Las Meninas (group without Velázquez)




Cannes, 15th November1957
Oil on canvas
130 x 96 cm
Museu Picasso, Barcelona
MPB 70.479

Comments


At the back of the room, the palace chamberlain, José Nieto, is barely suggested by a small black shadow in discord with the more joyful polychrome of the other personages. Picasso, like other contemporary artists, homed in on the figure of the chamberlain, whose elbow marks the ‘vanishing point’ of the Velázquez picture.




Pablo Picasso


Málaga, 1881 – Mougins, 1973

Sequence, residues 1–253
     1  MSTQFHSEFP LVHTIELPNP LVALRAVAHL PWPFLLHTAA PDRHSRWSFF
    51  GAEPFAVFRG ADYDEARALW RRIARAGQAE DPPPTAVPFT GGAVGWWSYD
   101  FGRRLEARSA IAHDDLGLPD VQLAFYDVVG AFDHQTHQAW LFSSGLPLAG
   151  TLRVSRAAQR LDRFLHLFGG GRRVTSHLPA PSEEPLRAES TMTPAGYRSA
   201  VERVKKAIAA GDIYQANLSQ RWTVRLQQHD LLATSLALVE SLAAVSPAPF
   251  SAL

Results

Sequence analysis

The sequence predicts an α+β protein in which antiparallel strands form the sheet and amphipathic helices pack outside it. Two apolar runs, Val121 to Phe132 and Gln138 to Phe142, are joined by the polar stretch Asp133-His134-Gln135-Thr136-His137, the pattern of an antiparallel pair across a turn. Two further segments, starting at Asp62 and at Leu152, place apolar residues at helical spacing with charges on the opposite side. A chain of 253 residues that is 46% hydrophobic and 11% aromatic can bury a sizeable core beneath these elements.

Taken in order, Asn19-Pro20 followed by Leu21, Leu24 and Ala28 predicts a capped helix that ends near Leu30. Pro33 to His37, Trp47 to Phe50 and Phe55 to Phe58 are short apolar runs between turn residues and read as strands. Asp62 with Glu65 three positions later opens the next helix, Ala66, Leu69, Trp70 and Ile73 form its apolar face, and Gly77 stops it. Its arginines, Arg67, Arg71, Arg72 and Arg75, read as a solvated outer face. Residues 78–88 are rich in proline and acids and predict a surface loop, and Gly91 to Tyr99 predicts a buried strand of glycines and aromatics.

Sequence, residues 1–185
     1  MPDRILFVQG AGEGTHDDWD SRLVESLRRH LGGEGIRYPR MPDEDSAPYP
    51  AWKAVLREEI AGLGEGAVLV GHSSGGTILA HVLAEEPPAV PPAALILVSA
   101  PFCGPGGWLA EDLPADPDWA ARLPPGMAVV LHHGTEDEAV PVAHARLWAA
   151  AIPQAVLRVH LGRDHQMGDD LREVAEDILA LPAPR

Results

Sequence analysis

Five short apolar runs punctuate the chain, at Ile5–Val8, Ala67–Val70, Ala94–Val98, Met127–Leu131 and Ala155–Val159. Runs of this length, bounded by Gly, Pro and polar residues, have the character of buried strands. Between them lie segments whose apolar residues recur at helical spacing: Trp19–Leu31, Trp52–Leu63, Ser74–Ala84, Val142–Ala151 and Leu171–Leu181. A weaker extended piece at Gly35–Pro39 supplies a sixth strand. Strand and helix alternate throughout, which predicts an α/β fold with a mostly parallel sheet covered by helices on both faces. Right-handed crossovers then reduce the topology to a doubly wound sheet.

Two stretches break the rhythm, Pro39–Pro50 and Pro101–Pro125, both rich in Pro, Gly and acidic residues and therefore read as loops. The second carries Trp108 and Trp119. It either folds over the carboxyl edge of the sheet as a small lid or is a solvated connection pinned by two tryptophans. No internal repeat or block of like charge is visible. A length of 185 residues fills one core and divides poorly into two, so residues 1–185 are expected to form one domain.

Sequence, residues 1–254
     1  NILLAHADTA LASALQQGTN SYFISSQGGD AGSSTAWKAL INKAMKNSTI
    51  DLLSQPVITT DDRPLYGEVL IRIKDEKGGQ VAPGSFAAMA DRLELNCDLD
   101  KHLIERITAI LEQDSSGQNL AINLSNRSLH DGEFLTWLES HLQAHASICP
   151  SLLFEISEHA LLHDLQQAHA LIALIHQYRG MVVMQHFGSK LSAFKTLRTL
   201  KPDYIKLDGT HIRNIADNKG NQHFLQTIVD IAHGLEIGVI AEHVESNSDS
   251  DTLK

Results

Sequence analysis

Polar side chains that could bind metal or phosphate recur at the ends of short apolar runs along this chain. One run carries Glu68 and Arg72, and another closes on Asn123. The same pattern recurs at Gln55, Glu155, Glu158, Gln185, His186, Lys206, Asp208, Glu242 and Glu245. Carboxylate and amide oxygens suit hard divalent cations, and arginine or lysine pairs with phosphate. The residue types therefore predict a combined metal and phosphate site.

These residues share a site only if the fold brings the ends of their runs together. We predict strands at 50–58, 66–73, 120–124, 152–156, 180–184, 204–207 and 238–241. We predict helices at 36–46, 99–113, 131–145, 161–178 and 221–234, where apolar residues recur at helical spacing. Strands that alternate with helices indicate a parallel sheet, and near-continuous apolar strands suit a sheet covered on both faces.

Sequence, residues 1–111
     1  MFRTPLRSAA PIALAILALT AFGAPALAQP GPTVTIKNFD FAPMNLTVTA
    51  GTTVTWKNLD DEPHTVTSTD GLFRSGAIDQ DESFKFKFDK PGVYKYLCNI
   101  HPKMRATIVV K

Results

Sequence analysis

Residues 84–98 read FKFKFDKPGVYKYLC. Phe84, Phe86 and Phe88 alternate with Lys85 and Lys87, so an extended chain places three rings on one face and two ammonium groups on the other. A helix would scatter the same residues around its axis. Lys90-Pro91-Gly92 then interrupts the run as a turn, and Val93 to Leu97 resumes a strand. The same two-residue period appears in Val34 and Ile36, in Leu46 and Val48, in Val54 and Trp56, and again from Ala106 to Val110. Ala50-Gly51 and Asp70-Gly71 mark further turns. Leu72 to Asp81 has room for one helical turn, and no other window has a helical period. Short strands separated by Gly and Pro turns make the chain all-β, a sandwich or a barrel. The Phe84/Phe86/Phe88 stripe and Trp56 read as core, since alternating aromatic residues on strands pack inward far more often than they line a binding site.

In June 1895 he first visited the Prado museum with his father. In his sketchbook he made a copy of Velázquez’s The Buffoon Calabacillas and Niño de Vallecas. At his father’s prompting he enrolled at the Academia de Bellas Artes de San Fernando in Madrid for 1897-1898. He soon became distanced from the Academy, preferring to frequent the Prado, where he applied for permission to copy the pictures. There is a notable copy in oils of a portrait of Philip IV by Velázquez, and a page of sketches with a copy of The Fable of Arachne and a partial copy of Las Meninas, also by Velázquez. During his second stay in Madrid, in 1901, he painted Woman in Blue, a clear reference to Velázquez’s Mariana of Austria (Museo del Prado), and presented it at the Exposición General de Bellas Artes that year. In the summer of 1935 he travelled in Spain, and in Madrid visited the Prado again. In November 1936 the government appointed him honorary director of the Prado. Between August and December 1957, at La Californie (Cannes), he painted the series Las Meninas, that were donated by the artist himself to the Museu Picasso of Barcelona in 1968.